Frequently, companies underspend on their customer facing efforts. Oftentimes, they overspend trying to reach a target audience.
San Francisco, CA (PRWEB) May 31, 2016
Building a successful company involves marketing a product or service to a targeted customer audience. Frequently companies underspend on their customer facing efforts. Often they overspend trying to reach a target audience. For example, if the target audience is the older consumer, marketing money spent on social media may not be effective in reaching that audience.
One of the best ways to make sure that marketing money is well spent and effective is to develop a solid marketing plan. A strong marketing plan will ensure that cherished dollars are being spent wisely and appropriately.
What can a Marketing Plan do for a Growing Business?
A marketing plan includes everything from understanding the target market and the competitive position of the company in that market to how to intend the company's reach to a new market or to how to differentiate the company from the competition in order to make a sale.
Middle market companies marketing budgets should be a component of the marketing plan. Essentially, the plan will outline the costs of how the company is going to achieve the marketing goals within a certain timeframe.
Six Steps to Success
1. The Sales Funnel
Building an effective marketing budget requires a deep dive into the sales funnel, where results will be tacked throughout the revenue cycle, from prospect to customer. Harvesting this data from marketing automation software or Customer Relationship (CRM) systems makes this process relatively simple:
- How many site visits does the company have per month?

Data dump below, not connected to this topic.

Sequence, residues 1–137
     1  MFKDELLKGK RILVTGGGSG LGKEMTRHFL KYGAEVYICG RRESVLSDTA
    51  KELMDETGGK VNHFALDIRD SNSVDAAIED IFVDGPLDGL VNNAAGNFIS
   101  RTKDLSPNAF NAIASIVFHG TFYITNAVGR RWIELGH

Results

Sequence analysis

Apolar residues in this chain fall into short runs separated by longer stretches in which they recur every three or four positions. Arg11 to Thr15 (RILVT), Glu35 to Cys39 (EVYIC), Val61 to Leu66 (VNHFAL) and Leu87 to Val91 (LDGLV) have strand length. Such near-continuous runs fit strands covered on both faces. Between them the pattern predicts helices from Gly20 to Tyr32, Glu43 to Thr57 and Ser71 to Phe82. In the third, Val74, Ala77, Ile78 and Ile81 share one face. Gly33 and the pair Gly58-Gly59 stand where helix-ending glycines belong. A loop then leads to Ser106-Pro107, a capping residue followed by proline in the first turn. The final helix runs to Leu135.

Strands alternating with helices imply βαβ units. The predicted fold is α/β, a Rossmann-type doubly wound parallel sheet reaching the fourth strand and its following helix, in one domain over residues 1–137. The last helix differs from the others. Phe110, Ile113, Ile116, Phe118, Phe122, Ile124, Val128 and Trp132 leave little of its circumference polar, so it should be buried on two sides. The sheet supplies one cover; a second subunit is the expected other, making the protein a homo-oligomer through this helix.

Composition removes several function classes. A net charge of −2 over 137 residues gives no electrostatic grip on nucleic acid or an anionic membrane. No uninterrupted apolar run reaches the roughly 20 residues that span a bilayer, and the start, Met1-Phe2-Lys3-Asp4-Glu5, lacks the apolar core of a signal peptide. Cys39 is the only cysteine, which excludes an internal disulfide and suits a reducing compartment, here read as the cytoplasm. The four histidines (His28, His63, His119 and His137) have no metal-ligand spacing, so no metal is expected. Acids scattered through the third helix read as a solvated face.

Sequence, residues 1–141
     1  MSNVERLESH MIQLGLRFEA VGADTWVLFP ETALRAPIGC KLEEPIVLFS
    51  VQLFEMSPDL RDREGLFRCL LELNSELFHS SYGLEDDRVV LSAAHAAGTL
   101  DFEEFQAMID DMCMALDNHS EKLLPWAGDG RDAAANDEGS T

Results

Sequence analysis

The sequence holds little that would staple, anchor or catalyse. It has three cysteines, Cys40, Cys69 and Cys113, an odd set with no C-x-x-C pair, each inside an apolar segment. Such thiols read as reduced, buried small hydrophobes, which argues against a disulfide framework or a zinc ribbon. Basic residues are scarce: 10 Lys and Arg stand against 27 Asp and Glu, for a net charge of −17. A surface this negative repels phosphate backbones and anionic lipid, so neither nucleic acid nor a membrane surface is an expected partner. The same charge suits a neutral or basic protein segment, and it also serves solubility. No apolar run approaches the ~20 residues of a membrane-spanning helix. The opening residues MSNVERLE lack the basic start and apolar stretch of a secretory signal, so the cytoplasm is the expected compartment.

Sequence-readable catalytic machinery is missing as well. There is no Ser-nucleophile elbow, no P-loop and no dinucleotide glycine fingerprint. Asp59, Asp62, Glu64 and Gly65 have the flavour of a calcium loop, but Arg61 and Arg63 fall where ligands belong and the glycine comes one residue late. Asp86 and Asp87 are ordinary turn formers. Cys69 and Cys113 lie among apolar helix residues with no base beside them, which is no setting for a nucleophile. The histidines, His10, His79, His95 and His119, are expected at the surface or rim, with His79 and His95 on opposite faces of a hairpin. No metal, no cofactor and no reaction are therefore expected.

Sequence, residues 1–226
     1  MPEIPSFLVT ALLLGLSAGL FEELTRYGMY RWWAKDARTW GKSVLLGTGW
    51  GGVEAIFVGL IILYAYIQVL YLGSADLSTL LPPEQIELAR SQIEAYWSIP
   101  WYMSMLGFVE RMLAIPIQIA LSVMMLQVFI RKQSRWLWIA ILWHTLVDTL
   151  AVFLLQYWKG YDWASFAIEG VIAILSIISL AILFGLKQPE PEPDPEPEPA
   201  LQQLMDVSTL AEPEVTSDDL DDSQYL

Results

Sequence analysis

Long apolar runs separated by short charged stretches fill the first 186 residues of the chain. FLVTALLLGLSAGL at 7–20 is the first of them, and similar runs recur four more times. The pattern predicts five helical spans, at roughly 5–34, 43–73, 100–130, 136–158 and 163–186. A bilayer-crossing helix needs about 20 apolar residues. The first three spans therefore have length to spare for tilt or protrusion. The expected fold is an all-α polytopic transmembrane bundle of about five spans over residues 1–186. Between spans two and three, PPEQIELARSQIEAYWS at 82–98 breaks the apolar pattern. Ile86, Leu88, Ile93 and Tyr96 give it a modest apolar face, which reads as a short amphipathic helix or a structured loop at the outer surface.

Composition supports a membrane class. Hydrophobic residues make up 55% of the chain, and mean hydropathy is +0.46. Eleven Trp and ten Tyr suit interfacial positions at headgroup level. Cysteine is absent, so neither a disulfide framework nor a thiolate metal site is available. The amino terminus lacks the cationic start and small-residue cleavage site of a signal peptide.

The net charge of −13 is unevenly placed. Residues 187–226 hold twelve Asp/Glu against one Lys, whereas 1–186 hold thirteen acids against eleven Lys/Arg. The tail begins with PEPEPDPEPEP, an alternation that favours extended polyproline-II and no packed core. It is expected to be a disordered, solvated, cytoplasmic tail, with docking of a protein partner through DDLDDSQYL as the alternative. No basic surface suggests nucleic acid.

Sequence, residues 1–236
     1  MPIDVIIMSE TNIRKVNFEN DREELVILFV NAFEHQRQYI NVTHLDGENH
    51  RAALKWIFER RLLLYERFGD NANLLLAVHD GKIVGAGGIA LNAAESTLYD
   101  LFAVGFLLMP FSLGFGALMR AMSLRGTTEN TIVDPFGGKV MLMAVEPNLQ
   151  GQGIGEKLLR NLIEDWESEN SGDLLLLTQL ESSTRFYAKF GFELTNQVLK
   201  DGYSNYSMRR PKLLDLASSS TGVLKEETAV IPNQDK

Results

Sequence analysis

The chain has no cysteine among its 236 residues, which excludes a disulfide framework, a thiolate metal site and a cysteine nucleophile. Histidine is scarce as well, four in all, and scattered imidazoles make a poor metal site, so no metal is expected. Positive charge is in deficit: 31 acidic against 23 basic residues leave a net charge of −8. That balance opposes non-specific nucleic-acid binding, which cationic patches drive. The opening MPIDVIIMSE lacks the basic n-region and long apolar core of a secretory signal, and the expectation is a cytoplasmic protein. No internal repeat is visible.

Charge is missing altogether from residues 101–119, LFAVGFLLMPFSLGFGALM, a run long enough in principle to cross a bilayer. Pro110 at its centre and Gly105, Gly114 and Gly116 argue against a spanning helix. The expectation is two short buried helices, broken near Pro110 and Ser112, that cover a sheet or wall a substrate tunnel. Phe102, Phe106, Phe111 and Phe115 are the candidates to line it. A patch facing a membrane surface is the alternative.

- How many leads is the process generating per month?
- How many of the leads convert to sales qualified leads (SQLs)?
- What is the cost of generating these SQLs? (e.g., website development, outsourced content creation, Pay-Per-Click, time spent by marketing and/or sales to nurture these leads, etc.)
- How many opportunities convert into proposals?
- How many of those opportunities close as new deals?
- What’s the typical value / revenue of a new deal?
2. Operational Costs
Next you’ll need to understand the company's operational costs:
- How much would it cost in time and labor to deliver contacts?
- Does the internal staff even have the additional bandwidth required for this work or will the company require additional headcount along with the related employee benefits costs?
- How much would it cost if the company hired an agency of record? The upfront costs will be higher than doing it in-house, but the results and return on investment could justify the additional expenditures.
- What are the costs of inaction? Be sure to calculate rapid changes in the marketplace and if the company can afford to reduce your market share in the face of current and future competition.
3. Set a Marketing Budget Based On Business Goals
A marketing budget should be a component of the marketing plan, outlining the costs of how the company is going to achieve the marketing goals within a certain timeframe.